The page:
GM: One concern I have within the current 'globalization' process is not that much that English is clearly a second language for the majority of the developing countries, but more so that when it comes to English we only get the Northern version of it as British and American English are. Otherwise we would also be taught in reference to African authors, about Indian cultural aspects or even regarding Australian history for that matter, and because language brings a culture with itself it is concerning that we are getting only the Northern perspective.

LJ: And the internet is a part of this, in fact, it is a huge part of this. The possibility that we are drifting to a mono-cultural world, what globalization is doing. I have seen it in Vietnam and Thailand, where the media is bringing very powerful in transmitting American consumerist values, and that is only the beginning. It is a terrifying beginning of what we might wound up being a mish-mash of American consumerist, radical individualistic, positivist ideas. This deeply concerns me and that is also why I have such a passion for Education Reform. I believe that this is at least the beginning, to start getting people to engage with each other differently, and start to change the way of thinking and the way of being.


GM: Could you give us some examples that may allow us to ground these ideas?

LJ: When I was doing my dissertation, I found two different approaches in Guatemala and México. In Guatemala, at the time I did my research, there were only three schools in the country that were using computer technology to any degree at all. And, I had a conversation with the Principal of the largest of these schools in Guatemala City. I got to see their set up and for the time, they really had an elaborate set up with the most modern of equipment, designed programs, teachers who were very knowledgeable on how to use this equipment, everything. Yet, as I explored with him about how cultural values may be transmitted through the use of technology and whether that was a concern for him I was distraught. He said that not only was that not a concern for him, but more so that "that is what we want! Parents who send their kids to our school don't only want them to get a good Education, but they want them to be Westernized, they want them tn be Americanized, and we believe that the way to do that is through technology".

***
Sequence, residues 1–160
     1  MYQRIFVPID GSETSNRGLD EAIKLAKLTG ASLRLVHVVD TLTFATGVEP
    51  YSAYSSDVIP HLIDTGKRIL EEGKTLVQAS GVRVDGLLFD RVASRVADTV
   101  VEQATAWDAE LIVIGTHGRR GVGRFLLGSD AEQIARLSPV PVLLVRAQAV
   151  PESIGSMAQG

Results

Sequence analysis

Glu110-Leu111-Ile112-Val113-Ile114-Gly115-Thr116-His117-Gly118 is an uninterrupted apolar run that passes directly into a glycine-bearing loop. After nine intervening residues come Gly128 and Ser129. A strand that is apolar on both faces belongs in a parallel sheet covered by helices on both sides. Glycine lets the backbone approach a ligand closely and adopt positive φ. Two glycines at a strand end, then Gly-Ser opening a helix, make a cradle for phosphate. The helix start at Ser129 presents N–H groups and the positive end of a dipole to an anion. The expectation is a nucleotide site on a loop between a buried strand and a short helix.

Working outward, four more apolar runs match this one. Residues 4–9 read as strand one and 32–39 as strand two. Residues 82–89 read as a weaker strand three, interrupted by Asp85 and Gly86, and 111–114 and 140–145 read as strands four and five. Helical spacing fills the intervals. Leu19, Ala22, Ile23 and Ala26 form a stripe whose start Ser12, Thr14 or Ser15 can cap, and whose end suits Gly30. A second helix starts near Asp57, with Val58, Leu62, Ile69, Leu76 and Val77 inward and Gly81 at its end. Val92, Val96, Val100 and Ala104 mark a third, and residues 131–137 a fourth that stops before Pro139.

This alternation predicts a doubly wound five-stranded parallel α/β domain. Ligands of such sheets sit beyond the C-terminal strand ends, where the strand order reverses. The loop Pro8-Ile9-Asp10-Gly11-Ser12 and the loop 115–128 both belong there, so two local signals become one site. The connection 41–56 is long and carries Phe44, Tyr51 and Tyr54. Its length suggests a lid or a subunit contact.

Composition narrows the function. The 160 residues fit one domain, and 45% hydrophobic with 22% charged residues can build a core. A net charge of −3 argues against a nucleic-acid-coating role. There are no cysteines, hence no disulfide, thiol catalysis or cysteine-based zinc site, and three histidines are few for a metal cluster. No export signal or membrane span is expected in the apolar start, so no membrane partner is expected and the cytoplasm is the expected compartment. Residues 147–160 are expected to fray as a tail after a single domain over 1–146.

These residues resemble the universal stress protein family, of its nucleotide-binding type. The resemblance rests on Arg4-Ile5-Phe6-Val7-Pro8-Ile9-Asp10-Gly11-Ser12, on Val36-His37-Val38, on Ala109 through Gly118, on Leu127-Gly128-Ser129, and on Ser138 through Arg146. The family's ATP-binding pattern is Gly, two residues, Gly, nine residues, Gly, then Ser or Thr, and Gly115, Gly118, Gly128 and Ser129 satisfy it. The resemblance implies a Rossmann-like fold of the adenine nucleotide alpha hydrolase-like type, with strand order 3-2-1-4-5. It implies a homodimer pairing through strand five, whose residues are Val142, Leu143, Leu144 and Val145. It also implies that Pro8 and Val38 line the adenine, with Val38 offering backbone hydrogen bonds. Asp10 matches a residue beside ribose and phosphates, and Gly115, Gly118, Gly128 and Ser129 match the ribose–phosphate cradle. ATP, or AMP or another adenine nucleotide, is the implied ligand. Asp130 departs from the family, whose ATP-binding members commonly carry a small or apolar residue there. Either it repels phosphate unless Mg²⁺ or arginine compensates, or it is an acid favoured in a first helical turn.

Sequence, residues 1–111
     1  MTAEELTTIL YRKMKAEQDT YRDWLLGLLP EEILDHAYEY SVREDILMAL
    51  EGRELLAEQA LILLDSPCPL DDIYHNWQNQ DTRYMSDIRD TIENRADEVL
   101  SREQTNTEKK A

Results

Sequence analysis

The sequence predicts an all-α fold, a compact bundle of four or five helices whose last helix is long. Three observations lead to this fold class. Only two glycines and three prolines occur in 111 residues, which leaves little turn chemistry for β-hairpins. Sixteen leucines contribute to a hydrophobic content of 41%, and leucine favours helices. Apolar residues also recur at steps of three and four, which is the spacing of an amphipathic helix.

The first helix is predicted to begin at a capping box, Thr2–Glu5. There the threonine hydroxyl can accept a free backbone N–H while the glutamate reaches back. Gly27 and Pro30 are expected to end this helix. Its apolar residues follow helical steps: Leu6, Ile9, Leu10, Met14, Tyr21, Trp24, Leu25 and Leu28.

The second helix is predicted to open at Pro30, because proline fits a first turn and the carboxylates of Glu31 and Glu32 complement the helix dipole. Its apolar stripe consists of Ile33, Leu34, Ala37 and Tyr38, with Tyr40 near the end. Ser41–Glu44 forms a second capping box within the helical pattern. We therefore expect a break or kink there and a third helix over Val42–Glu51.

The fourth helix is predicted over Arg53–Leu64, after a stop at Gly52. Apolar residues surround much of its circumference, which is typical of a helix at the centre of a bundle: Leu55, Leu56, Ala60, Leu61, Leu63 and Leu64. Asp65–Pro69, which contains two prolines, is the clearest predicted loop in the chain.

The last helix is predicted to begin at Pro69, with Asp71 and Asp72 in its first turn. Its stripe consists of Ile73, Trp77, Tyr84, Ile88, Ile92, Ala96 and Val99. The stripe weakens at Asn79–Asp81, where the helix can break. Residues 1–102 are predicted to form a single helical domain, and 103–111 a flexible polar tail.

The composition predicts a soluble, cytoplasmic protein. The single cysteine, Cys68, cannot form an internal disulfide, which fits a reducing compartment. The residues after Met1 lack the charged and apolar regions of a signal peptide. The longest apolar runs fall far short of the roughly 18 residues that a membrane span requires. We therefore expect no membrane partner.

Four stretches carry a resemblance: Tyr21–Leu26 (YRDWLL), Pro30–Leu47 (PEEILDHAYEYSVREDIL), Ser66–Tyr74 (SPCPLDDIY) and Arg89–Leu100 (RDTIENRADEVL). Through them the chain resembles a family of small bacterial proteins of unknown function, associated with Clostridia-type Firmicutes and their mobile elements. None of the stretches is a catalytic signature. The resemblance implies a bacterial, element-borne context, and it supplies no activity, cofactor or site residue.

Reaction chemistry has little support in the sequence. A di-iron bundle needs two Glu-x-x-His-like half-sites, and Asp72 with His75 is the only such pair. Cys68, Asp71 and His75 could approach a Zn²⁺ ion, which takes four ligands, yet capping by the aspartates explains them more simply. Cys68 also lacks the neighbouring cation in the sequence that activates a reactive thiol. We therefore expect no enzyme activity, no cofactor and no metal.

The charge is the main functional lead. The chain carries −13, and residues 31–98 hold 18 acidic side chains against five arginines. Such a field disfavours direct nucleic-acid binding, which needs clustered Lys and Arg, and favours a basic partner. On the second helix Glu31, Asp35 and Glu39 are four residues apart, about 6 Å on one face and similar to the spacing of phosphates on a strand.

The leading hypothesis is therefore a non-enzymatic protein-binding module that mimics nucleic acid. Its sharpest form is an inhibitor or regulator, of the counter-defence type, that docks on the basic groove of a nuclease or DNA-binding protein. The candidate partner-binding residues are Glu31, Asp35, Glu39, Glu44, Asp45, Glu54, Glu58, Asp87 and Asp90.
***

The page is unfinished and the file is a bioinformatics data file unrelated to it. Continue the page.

In México, it was very different, both at the university and at a practitioner level. I met with Alfonso Ramírez Ortega and with his associates who were developing Centro Tezozomoc, a center for the exploration of how to use technology in ways that builds on the Mexican culture, not destroy it.

This was a time where México was having numerous set backs and huge amounts of moneys that were allocated for schools and then programs were abolished even before they ever happened. But this was an attempt to think about and study the past approaches before we really put the technology into the schools, and the person they had contracted to put together these centers was someone with whom I had a conversation with, Manuel Gándara Vásquez, an anthropologist who then went into computer technology and that was working in the computer area. So he had a background in anthropology and technology-- and knew about Gadamer as well.